Lambda DNA-fragmenting actions of ascorbic acid (AsA) and triose reductone (TR) in the presence of Cu2+ were studied. The mixture of AsA or TR and Cu2+ caused a marked fragmentation ofλ, DNA (3.2×107 daltons) within the first 1 min of reaction. Further incubation resulted in accumulation of the most abundant species of fragmented λDNA having a molecular weight of 1.3×105 daltons. The mixture of AsA or TR and Cu2+ fragmented calf thymus DNA to produce the fragmented DNA of which 5'-OH terminal groups have a mixture of free OH groups and phosphodiester linkage. The mixture of AsA or TR and Cu2+ was also found to fragment, DNA to produce dCMP predominantly as 5'-OH terminal nucleotides.
The gelation of the complex between κ-casein and β-lactoglobulin was examined. The apparent viscosity of the mixture of κ-casein and β-lactoglobulin increased by heat treatment. The mixture formed a gel at the concentration of 8% (w/w). The gel formation was accelerated by the chymosin treatment. The mixture of κ-casein and β-lactoglobulin in each concentration of 1.5% gelled by the addition of chymosin after heat treatment. Forming the complex between κ-casein and β-lactoglobulin was necessary to the gel formation. Therefore, heat treatment of above 70°C was demanded. Turbidity increased and the relative content of soluble protein decreased accompanied with gel formation. The addition of calcium ion to the heated solution produced an increase in turbidity. The larger the protein concentration was, the larger the breaking stress of the formed gel was. The addition of calcium ion weakened the breaking stress of the gel.
When rats adapted to a stock diet were fed on various highcarbohydrate diets, the hepatic activities of glucose-6-phosphate dehydrogenase, malic enzyme and acetyl-CoA carboxylase were more greatly increased by fructose than by any other carbohydrate. Even in the diabetic state, the enzyme activities were somewhat increased by fructose feeding. After feeding on the diets for 9 days, the hepatic concentrations of intermediates of carbohydrate metabolism were generally lower in the diabetics than in the normals. Moreover, in both the normal and diabetic rats, the concentrations of fructose 1-phosphate, acetyl-CoA, citrate and malate were increased by fructose as were the enzyme activities. These results suggest that the metabolic pathway of fructose is predominant with respect to that of glucose and consequently lipogenesis may be able to be increased in the fructose-fed rats.
Typtophan (Trp) is usually catabolized to CO2, H2O and urea in mammals. Quantitatively, minor branches from this pathway lead to the production of picolinate (PA) and NAD+. Although niacin is a required nutrient when NAD+ synthesis from Trp is insufficient, it is not known if dietary PA is beneficial in such conditions. Two kinds of experiment were used to investigate the effects of dietary PA. First, mice were fed on a diet deficient in Trp for six weeks to diminish endogenous PA synthesis and stores. After this time the body mass of the mice was reduced by approximately 30%. Tryptophan-deficient mice subsequently fed a nutritionally complete diet gained weight more rapidly during the first but not subsequent week(s) of recovery when PA was added to their food. Second, mice were fed on a diet deficient in Trp, niacin and vitamin B-6 during the preimplantation period of pregnancy in an attempt to acutely lower PA synthesis and perhaps alter the embryos thus produced. The rate at which preimplantation blastocysts formed trophoblastic outgrowths when cultured in vitro was stimulated by dietary PA only if these blastocysts came from mice fed on a nutritionally deficient diet. The results suggest that PA serves as a beneficial nutrient under some conditions where its endogenous synthesis may be diminished.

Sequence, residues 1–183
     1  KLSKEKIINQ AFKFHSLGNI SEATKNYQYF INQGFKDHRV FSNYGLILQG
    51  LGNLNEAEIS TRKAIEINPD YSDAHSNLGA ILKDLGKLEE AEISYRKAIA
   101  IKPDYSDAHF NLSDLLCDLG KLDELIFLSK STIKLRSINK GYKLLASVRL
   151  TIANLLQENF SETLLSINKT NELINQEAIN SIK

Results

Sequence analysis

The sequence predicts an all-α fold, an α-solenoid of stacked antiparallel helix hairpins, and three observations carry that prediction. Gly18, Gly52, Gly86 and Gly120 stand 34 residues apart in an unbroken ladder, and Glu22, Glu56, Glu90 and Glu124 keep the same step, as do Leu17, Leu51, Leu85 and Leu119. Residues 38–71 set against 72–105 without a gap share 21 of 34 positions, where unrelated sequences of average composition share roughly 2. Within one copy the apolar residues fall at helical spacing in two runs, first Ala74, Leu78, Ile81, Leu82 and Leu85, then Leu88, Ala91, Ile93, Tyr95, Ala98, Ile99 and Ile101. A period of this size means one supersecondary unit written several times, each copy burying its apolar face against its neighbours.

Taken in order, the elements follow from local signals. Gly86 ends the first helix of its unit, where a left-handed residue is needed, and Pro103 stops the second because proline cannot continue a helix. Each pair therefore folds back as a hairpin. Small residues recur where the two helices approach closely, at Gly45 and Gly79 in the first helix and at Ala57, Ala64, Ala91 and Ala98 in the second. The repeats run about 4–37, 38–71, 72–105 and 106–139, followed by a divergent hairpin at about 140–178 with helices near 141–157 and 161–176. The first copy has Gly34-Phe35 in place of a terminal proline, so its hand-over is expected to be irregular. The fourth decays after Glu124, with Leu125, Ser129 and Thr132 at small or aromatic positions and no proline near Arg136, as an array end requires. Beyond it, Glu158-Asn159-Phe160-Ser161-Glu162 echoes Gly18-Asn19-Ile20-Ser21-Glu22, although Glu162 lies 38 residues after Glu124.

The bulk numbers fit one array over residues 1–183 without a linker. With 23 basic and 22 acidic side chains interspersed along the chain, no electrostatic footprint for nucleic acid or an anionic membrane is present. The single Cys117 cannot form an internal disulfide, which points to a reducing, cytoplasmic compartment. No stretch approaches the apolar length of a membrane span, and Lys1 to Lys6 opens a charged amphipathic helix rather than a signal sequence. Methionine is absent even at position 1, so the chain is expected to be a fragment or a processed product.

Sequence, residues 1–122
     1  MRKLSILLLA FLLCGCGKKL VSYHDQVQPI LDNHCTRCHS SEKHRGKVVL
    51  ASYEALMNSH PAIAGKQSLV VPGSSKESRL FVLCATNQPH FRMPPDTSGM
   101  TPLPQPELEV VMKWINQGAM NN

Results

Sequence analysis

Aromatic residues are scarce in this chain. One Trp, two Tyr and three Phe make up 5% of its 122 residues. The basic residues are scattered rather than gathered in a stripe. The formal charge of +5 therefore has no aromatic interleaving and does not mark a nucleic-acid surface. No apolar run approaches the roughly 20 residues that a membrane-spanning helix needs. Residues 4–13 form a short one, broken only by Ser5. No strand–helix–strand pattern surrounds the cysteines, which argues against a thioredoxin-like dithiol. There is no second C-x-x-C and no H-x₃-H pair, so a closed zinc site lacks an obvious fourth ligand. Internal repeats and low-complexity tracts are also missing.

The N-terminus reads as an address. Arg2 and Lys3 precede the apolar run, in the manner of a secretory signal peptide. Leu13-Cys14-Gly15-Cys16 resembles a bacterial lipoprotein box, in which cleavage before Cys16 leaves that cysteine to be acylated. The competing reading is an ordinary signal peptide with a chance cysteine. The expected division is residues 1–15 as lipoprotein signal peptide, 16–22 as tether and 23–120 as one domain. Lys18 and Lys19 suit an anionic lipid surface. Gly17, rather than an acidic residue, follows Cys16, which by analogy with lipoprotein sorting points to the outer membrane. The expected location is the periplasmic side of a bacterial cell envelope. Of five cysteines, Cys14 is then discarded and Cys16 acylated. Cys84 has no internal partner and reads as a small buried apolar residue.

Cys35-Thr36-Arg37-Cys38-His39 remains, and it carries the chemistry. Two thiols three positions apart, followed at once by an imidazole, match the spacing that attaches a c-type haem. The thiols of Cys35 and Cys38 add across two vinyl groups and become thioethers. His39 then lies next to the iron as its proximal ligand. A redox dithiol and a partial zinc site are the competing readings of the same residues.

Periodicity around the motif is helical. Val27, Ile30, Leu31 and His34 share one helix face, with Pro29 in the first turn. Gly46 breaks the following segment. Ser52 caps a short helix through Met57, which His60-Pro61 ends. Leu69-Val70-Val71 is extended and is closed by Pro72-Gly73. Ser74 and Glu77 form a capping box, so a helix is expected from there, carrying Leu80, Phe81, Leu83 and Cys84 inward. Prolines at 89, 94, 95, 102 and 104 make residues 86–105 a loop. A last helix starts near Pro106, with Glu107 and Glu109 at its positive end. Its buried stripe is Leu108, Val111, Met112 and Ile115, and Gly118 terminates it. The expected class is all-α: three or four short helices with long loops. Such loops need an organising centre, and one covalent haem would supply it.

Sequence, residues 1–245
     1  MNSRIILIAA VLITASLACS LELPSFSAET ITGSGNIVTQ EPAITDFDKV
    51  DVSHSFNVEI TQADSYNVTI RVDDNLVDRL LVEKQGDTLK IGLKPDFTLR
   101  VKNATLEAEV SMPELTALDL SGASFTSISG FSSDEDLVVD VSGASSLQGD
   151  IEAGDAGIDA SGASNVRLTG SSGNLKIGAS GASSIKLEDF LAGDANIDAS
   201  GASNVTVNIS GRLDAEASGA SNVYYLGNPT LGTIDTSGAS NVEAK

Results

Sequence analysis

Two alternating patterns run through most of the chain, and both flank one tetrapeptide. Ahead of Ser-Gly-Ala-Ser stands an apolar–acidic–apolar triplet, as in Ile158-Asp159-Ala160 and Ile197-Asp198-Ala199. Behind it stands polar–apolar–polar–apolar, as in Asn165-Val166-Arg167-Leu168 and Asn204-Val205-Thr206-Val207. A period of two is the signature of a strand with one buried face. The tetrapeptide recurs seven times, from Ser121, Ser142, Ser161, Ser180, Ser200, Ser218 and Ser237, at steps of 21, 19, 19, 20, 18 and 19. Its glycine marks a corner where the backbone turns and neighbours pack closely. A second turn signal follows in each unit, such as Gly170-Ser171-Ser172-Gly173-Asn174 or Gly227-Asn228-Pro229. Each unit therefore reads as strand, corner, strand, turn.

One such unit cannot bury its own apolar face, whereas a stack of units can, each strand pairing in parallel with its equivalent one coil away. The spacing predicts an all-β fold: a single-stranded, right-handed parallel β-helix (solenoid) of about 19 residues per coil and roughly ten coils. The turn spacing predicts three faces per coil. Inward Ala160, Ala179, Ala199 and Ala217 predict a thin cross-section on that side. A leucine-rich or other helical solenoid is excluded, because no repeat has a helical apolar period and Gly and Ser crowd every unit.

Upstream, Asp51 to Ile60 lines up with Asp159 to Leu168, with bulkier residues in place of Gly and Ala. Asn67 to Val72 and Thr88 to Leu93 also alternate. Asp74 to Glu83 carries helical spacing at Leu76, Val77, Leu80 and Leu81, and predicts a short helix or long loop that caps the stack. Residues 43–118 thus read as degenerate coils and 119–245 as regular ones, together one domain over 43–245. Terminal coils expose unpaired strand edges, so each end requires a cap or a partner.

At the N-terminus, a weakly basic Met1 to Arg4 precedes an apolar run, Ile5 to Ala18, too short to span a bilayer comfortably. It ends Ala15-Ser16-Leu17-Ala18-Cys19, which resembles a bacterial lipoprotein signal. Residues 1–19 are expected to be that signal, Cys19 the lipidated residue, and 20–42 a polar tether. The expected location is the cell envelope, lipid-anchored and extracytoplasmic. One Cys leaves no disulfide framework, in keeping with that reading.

A 28-day feeding study was conducted to test the effect of excess dietary lysine on rat growth and the concentration of copper, iron and zinc in plasma and liver. Young male Sprague-Dawley rats were fed a 10% protein casein diet with or without excess lysine. There were no significant differences in body weight gain, food intake or plasma proteins among the dietary treatment groups. Supplementation of the basal diet with 2.1% L-lysine caused a 53% reduction in hepatic copper and a significant reduction in hepatic iron. The addition of 0.7% or 2.1% lysine to the basal diet caused significant reductions in levels of plasma copper. The 2.1% level of lysine tended to lower the concentration of zinc in plasma. The data suggest that lysine may interfere with the availability of selected minerals by reducing tissue utilization or promoting excretion, or both.